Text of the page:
When to See a Doctor for Neck Pain – Spine Center Atlanta

When to See a Doctor for Neck Pain

Woman with neck pain talking to her doctor

Temporary aches and pains are surprisingly common, even in the fittest of individuals. From sleeping in an uncomfortable posture to walking with your head down for too often, there are many situations that can cause mild and moderate neck pain that will simply go away with a good night’s sleep or a few very simple behavioral changes.

But not all neck pain is minor, and not all neck pain can be cured with a few small changes to the way you sit or stand. There may be a time when your neck pain is a signal that it’s time to see a doctor, and that you may need some medical treatment or intervention to help rid yourself of that pain.

When Neck Pain is an Emergency

Some forms of neck pain need more than a doctor, and may be a sign of a medical emergency. If you have any of the following symptoms in addition to neck pain, you may need to call 9-1-1:

  • Chest Pains
  • Vomiting/Nausea
  • Trouble Breathing
  • Inability to Move Part of Your Body
  • Loss of Control of Bowels/Bladder

These symptoms may be a sign of something more serious, such as a heart attack or spinal injury. If you have difficulty walking, numbness or tingling in the arms or extremities, or pain that gets progressively worse to the point of feeling “severe,” you may want to head to the hospital for care.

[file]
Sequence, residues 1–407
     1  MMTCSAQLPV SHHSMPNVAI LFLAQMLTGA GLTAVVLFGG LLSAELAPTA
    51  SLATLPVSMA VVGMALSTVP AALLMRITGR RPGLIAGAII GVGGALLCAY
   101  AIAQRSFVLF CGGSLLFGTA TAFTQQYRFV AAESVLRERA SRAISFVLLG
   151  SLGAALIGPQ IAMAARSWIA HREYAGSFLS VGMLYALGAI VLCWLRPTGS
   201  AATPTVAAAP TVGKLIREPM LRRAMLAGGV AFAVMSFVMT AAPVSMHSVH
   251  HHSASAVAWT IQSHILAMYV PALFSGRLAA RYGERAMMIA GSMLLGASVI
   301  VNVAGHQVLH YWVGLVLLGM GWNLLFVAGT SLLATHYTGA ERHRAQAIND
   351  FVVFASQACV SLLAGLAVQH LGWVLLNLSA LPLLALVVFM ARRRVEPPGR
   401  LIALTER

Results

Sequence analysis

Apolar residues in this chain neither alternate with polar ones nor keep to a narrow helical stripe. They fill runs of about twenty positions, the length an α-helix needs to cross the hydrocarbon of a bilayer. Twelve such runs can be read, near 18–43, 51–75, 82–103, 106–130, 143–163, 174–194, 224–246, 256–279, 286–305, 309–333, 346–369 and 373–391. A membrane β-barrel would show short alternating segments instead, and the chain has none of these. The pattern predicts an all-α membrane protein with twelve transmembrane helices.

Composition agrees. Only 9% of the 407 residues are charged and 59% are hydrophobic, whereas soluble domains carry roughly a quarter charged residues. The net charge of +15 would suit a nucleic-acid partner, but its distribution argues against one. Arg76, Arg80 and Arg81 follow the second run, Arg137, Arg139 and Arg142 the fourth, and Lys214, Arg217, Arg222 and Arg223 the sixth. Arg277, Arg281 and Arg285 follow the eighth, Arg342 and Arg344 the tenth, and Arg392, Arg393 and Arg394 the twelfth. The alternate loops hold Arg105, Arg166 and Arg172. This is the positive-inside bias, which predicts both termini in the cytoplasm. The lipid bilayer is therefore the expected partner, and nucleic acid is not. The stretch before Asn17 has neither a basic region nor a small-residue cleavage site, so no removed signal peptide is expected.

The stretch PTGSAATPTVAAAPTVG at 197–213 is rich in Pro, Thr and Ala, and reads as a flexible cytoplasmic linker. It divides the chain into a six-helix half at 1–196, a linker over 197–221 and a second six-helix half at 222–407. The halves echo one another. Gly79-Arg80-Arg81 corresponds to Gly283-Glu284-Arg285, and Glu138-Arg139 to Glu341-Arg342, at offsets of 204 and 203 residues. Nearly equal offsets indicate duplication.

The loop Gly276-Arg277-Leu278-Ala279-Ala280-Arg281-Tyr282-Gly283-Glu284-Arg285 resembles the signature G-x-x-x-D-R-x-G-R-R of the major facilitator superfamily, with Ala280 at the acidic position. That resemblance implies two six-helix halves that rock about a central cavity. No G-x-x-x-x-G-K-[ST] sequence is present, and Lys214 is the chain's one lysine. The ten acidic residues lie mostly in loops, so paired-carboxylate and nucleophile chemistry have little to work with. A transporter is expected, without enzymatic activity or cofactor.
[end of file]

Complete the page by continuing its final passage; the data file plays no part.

When Neck Pain is a Sign of Something More

Neck pain may also be sign of other medical conditions, and while they may not warrant am ambulance ride to the hospital, they may be a sign that you could benefit from additional medical care.

The most common sign is simply chronic neck pain – neck pain that won’t go away on its own. All chronic neck pain deserves a visit to a doctor or spinal specialist, because it could be a sign of:

  • Herniated Discs
  • Osteoarthritis
  • Rheumatoid Arthritis
  • Whiplash (After an Accident)
  • Spinal Stenosis

Neck pain due to something less serious is generally fairly mild to moderate, feels more like a muscle ache, and goes away in a few days or after a Tylenol. Neck pain due to one of the above conditions is more constant, tends to get worse over time, and requires constant pain medications or is followed by trouble moving your neck.

Seeking Out Help

It is always better to be safe. If something feels “off” with your neck pain, it helps to get medical attention, especially if it is accompanied by trouble moving, more severe pain, or any other worrisome symptoms. If the pain is mild, isn’t disrupting your life, and tends to come and go, try fixing your posture, stretching, drinking more water (to nourish your muscles) and see if that helps. Then see a doctor if it doesn’t go away.

If you’re concerned about your neck pain or simply interested in the wide range of services that Spine Center Atlanta has to offer, contact us today at  404-341-4731.

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